Source: Demolishing rectory in Owen Sound bad for conservation, environment: ACO | Owen Sound Sun Times

New Vancouver Island ‘deconstruction’ company breaks down heritage houses by hand – Sooke News Mirror

The crews carefully deconstruct old homes to rescue as many reusable materials as possible, including old growth timber.
(Unbuilders photo)

With the climate crisis in our face, and the need to keep forests in the ground, Corneil recognized an opportunity for a holistic approach to demolition. He shifted his Vancouver construction business two years ago into a deconstruction company called the Unbuilders, and business is good.

Source: New Vancouver Island ‘deconstruction’ company breaks down heritage houses by hand – Sooke News Mirror

40,000 bricks for Whangārei’s Hundertwasser – NZ Herald

The volunteer group started recycling the bricks from the former Harbour Board building in 2018.

The volunteer group started recycling the bricks from the former Harbour Board building in 2018.

A community effort to recycle material from Whangārei’s old Harbour Board building has come to a close and after two and a half years of chipping, project leader Andrew Garratt is counting nearly 40,000 bricks to be used in the new Hundertwasser Arts Centre.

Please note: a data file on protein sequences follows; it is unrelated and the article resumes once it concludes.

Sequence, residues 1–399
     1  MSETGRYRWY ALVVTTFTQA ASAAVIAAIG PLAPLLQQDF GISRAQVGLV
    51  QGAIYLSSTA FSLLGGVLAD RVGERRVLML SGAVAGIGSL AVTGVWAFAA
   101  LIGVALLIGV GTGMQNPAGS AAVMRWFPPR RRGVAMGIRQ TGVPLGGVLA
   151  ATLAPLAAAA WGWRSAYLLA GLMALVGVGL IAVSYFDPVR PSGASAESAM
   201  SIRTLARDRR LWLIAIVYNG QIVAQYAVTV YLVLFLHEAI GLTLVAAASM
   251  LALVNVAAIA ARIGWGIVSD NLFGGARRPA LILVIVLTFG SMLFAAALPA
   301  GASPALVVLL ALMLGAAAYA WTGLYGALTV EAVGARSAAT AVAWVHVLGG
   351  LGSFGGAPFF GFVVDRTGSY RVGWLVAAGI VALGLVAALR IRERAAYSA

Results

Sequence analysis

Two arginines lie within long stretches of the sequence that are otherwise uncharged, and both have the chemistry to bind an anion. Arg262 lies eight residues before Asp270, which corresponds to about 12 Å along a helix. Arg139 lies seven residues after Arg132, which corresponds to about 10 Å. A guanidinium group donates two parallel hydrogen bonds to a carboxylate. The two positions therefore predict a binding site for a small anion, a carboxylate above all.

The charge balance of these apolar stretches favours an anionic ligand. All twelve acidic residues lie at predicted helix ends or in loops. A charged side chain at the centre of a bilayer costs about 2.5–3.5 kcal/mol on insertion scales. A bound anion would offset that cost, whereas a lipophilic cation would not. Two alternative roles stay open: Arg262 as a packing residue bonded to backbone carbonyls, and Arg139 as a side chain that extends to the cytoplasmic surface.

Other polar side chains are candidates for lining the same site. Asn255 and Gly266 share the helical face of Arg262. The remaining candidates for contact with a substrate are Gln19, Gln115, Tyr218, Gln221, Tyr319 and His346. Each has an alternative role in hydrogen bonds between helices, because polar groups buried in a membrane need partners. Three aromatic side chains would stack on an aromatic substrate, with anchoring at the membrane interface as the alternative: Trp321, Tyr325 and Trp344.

Source: 40,000 bricks for Whangārei’s Hundertwasser – NZ Herald

Why tomorrow’s architecture will use yesterday’s materials | Financial Times

Demounting ceramic tiles in the Institut de Génie Civil in Liège

A team of workers demounts ceramic tiles in the Institut de Génie Civil in Liège © OPHOTO

“We see this as a pilot project, research,” Devlieger says. “[We are] testing methods for the professionalisation of reuse. Architects sometimes don’t understand the power they have. They are diverting huge streams of money towards new materials when they specify and there are social, environmental and economic consequences of those decisions.”

Source: Why tomorrow’s architecture will use yesterday’s materials | Financial Times

US cities are losing 36 million trees a year. Here’s why it matters and how you can stop it – CNN

“Every time we put a road down, we put a building and we cut a tree or add a tree, it not only affects that site, it affects the region. The study placed a value on tree loss based on trees’ role in air pollution removal and energy conservation.

The lost value amounted to $96 million a year.”

Source: US cities are losing 36 million trees a year. Here’s why it matters and how you can stop it – CNN

The case for … never demolishing another building | Cities | The Guardian

Ethical bank Triodos claim their new headquarters is the world’s first totally demountable office building.